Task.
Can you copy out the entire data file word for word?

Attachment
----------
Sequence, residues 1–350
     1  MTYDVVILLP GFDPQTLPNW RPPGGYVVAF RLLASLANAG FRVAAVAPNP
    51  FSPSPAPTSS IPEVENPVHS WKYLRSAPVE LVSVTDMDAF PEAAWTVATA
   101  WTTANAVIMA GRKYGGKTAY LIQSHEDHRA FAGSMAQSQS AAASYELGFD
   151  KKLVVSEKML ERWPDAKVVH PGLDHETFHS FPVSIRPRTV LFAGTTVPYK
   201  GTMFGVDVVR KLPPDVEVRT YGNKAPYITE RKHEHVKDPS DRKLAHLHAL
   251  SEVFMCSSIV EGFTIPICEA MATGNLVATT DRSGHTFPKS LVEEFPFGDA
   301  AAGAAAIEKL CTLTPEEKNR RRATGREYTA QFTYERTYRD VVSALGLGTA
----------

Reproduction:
Sequence, residues 1–350
     1  MTYDVVILLP GFDPQTLPNW RPPGGYVVAF RLLASLANAG FRVAAVAPNP
    51  FSPSPAPTSS IPEVENPVHS WKYLRSAPVE LVSVTDMDAF PEAAWTVATA
   101  WTTANAVIMA GRKYGGKTAY LIQSHEDHRA FAGSMAQSQS AAASYELGFD
   151  KKLVVSEKML ERWPDAKVVH PGLDHETFHS FPVSIRPRTV LFAGTTVPYK
   201  GTMFGVDVVR KLPPDVEVRT YGNKAPYITE RKHEHVKDPS DRKLAHLHAL
   251  SEVFMCSSIV EGFTIPICEA MATGNLVATT DRSGHTFPKS LVEEFPFGDA
   301  AAGAAAIEKL CTLTPEEKNR RRATGREYTA QFTYERTYRD VVSALGLGTA